Average Fuel Economy Dips to 25.2 MPG in April as Truck, SUV Sales Climb | Edmunds

Average Fuel Economy Dips to 25.2 MPG in April as Truck, SUV Sales Climb


ANN ARBOR, Michigan — The average fuel economy for new cars sold in April dropped slightly, to 25.2 mpg, according to researchers Michael Sivak and Brandon Schoettle of the University of Michigan Transportation Research Institute.

The April average is down 0.2 mpg from March but an improvement of 5.1 mpg from October 2007, when the researchers first began compiling data.

To arrive at its figures, UMTRI calculates average sales-weighted fuel economy from the monthly sales of light-duty vehicles (cars, SUVs, vans and pickups) and the combined city/highway fuel economy ratings that appear in the EPA Fuel Economy Guide and on vehicle window stickers.

According to UMTRI, the April drop in average fuel economy "likely reflects the increased proportion of pickup trucks and SUVs in the sales mix."

For example, sales leaders for the month included the Jeep brand, with the new 2015 Cherokee showing its best monthly sales yet; Ford trucks and SUVs, led by the 2015 Lincoln Navigator; GM trucks, including the 2015 Cadillac Escalade; the 2015 Honda Pilot; the 2015 Nissan Murano; and Toyota trucks, including the full-size 2015 Tundra pickup.

The latest UMTRI Eco-Driving Index showed that the average emissions of greenhouse gases generated by the driver of a new light vehicle stood at 0.82, unchanged from January of this year. That figure indicates that the average new-car driver produced 18 percent lower emissions than in October 2007.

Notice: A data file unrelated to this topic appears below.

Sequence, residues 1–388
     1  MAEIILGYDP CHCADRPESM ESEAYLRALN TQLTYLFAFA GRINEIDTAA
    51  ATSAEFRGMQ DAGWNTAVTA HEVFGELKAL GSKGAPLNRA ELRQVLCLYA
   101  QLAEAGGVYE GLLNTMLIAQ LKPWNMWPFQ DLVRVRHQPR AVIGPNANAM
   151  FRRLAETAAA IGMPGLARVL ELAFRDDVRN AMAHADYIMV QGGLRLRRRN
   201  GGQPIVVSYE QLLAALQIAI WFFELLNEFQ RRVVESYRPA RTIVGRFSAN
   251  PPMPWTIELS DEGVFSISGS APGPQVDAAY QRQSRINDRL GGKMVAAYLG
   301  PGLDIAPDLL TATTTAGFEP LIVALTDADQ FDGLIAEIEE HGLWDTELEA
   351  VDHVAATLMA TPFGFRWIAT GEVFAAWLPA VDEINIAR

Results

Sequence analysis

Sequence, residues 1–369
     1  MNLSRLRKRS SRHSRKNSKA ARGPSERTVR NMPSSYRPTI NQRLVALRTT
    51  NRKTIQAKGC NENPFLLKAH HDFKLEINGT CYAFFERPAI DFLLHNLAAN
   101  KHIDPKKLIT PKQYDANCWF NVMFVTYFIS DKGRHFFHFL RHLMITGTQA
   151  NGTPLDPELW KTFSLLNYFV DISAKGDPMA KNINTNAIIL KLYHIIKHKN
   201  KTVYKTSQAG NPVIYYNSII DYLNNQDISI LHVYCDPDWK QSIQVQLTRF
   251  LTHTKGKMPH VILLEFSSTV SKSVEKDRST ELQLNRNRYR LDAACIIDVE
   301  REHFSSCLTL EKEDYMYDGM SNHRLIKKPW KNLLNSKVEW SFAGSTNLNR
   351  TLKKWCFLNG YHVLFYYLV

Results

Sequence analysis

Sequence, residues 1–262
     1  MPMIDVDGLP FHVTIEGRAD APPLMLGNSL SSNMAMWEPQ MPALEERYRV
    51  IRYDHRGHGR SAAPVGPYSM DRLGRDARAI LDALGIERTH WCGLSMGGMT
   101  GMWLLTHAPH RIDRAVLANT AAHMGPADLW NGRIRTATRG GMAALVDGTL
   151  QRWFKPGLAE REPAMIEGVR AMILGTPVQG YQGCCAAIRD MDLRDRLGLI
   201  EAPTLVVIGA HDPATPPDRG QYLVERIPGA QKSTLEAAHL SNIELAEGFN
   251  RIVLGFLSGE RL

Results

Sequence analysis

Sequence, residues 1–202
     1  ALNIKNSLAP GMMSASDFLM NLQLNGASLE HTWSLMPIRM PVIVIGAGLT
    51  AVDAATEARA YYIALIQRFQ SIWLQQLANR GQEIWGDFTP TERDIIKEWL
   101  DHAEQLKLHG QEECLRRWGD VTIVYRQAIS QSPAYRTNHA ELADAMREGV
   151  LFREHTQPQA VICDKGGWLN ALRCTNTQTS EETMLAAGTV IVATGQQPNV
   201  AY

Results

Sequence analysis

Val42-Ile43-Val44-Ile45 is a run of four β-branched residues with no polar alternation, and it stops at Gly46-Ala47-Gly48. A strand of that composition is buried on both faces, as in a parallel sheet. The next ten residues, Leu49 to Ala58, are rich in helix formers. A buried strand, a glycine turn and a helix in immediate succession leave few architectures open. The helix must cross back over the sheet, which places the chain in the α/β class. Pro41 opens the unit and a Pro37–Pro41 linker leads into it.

According to the AAA Daily Fuel Gauge Report, the average price of a gallon of regular unleaded gasoline nationwide was $2.62 on Tuesday. That's down significantly compared to $3.67 from a year ago, but up a bit from last month's average of $2.39.

AAA attributes the month-over-month increase to "higher crude oil costs and a number of refinery issues." In addition, says AAA, "the price at the pump often increases in the spring due to seasonal maintenance, rising demand and the higher costs associated with producing more expensive summer-blend gasoline, which is required in many parts of the country to combat emissions in warmer temperatures."

Nevertheless, AAA says to expect average year-over-year fuel savings to continue, "barring any major supply disruptions," with pump prices remaining below $3 per gallon for the remainder of 2015.

Edmunds says: This latest fuel economy report is even more evidence of a return to the love affair with trucks and SUVs.

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